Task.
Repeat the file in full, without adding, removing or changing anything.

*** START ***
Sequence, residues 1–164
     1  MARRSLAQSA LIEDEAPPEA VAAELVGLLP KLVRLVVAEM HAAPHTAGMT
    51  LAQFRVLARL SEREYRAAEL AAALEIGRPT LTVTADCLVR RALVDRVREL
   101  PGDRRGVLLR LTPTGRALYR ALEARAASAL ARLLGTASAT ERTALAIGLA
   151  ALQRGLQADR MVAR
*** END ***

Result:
Sequence, residues 1–164
     1  MARRSLAQSA LIEDEAPPEA VAAELVGLLP KLVRLVVAEM HAAPHTAGMT
    51  LAQFRVLARL SEREYRAAEL AAALEIGRPT LTVTADCLVR RALVDRVREL
   101  PGDRRGVLLR LTPTGRALYR ALEARAASAL ARLLGTASAT ERTALAIGLA
   151  ALQRGLQADR MVAR